Where Do We Go From Here? Reflections on
the Future of Nuclear Energy in the United States
President and CEO
Nuclear Energy Institute
Uranium Institute Symposium 2000
August 31, 2000
Excellence is an art won by training
and habituation. …We are what we repeatedly do. Excellence is
not an act, but a
Less than three years ago, many inside and outside our
industry were sounding the death knell of nuclear energy in
the United States. The forecasting branch of the U.S.
Department of Energy, in particular, predicted in December
1997 that no nuclear plant would operate beyond its 40-year
license term and 24 plants would close prematurely.
Predictions and conventional wisdom, however, are fickle
partners. Nuclear energy is in a stronger position today than
at any time in its history. A June report from BP Amoco noted
that the global use of nuclear energy last year increased by
3.8 percent compared with 1998, well above the ten-year trend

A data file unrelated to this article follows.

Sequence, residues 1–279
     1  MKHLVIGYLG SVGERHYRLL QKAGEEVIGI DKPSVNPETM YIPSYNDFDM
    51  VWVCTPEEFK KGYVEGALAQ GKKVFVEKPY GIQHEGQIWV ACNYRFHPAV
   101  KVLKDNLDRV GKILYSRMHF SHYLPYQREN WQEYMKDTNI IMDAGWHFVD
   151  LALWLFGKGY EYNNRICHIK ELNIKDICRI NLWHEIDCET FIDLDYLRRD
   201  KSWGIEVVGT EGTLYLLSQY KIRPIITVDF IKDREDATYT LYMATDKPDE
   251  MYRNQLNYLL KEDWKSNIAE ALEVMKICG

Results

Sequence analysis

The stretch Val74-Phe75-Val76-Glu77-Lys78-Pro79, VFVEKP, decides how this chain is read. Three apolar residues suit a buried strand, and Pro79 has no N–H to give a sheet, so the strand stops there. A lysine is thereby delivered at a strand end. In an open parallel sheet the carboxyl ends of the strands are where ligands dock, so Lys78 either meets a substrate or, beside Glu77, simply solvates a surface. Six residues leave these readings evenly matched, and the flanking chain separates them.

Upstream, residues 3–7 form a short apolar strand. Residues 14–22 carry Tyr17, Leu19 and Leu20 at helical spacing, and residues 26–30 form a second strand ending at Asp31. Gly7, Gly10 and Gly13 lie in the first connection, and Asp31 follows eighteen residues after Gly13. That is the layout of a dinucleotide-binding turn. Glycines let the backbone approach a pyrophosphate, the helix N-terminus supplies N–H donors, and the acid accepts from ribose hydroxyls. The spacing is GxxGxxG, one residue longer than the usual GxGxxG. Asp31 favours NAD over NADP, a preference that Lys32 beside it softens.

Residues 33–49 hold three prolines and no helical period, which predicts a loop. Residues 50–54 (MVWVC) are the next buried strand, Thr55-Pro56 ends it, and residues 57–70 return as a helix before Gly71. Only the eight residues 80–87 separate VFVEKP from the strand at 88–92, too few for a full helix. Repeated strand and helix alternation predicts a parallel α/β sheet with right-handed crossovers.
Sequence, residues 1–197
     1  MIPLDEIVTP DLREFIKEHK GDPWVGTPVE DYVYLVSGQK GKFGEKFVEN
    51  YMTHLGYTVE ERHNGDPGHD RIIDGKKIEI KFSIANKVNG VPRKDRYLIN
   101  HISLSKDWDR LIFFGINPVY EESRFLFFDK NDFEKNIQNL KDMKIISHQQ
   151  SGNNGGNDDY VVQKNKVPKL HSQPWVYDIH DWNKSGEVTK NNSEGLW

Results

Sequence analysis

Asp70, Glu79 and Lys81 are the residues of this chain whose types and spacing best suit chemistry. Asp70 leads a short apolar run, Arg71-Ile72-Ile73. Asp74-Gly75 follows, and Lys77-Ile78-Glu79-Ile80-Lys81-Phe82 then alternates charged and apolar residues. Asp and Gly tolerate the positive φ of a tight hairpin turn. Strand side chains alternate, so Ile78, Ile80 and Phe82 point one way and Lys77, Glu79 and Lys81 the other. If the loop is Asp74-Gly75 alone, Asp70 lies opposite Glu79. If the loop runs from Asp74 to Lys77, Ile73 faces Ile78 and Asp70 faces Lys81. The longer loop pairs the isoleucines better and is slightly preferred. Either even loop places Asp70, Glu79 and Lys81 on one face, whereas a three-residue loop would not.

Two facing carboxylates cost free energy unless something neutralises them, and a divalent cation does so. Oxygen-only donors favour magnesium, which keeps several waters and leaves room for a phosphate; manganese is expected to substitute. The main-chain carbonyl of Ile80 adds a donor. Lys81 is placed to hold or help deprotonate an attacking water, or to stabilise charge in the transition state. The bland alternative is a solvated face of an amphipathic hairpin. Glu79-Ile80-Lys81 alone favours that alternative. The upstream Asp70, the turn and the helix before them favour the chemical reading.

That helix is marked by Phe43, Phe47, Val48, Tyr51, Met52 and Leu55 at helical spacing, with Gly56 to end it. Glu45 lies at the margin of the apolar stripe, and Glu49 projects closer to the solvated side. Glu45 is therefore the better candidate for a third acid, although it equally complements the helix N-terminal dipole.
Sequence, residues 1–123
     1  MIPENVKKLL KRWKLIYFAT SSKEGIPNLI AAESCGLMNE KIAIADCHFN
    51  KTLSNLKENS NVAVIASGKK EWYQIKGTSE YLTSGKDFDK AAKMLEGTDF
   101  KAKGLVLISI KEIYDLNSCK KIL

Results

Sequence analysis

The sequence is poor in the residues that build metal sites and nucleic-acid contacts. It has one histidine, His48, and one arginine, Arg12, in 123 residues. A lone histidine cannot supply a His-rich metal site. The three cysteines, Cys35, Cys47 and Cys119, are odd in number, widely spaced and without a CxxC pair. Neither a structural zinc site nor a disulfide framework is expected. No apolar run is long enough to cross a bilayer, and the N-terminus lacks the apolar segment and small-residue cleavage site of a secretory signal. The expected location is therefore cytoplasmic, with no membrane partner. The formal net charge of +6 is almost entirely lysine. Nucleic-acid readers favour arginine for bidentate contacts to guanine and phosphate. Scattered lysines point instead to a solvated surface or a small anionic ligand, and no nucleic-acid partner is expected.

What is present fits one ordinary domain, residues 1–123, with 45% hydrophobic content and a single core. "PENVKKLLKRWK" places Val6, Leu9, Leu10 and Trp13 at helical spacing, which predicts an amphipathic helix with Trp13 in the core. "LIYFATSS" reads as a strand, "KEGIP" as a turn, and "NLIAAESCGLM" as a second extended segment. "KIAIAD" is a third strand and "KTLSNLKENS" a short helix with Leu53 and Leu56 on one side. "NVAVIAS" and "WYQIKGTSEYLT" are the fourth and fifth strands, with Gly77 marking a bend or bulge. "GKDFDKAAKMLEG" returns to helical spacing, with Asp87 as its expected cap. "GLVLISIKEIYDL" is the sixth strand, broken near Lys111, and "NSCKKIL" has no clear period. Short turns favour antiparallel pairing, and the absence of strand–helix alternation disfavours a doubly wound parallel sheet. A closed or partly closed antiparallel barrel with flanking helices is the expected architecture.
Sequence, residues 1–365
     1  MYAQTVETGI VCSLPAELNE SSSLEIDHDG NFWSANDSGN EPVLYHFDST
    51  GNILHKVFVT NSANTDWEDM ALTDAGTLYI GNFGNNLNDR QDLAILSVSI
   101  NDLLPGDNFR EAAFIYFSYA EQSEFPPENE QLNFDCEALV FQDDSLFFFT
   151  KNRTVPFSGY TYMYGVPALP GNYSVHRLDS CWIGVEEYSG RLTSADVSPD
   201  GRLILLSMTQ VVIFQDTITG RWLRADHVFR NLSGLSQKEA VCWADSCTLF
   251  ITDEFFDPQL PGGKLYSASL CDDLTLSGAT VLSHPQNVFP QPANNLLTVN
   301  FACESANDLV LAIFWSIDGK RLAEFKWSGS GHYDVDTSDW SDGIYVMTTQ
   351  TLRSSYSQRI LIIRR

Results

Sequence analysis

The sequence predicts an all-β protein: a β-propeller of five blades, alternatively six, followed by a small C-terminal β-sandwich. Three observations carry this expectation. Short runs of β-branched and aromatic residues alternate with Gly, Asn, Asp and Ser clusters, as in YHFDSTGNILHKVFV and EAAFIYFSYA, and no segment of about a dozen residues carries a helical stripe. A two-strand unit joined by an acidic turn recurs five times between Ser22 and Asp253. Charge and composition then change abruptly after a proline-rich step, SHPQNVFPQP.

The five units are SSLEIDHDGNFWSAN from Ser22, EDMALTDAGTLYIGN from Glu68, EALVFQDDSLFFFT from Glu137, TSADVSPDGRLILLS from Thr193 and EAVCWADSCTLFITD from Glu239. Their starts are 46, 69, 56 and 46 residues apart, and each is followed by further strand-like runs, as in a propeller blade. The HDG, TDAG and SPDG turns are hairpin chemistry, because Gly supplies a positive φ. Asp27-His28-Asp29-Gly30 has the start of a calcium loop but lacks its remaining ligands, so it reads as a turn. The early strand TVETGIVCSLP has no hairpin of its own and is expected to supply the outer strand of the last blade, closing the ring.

and significantly more than oil and natural gas. The rise was
powered by an 8 percent increase in nuclear production in the
U.S. plants are performing at historic levels, production
costs are at historic lows, and owners are vigorously pursuing
license renewal and acquiring additional nuclear units.
Moreover, the U.S. public and Congress increasingly realize
that economic progress and the environmental integrity of
America depend upon a diversified and secure national energy
portfolio that includes a robust nuclear energy industry.
Where We Are
A statistical snapshot of the U.S. nuclear energy industry
underscores the notion that nuclear energy is strong and
- In 1999, U.S. nuclear plants set a new performance
record by generating 728 billion kilowatt-hours of
electricity, the approximate equivalent of the combined
nuclear generation of France, Japan and Belgium. The figure
also represents a 50 billion kWh (8 percent) increase over
1998. Preliminary indications are that 2000 will be another
record year. Data for the first quarter of this year—the
most recent data available—indicates that nuclear plants are
operating at about 5 percent above the same period last
year. To put that in perspective, that is also enough
additional electricity to serve the needs of the entire
population of San Francisco.
- Capacity factors for the 103 nuclear generating units
averaged 86.8 percent in 1999. By contrast, in 1980 U.S.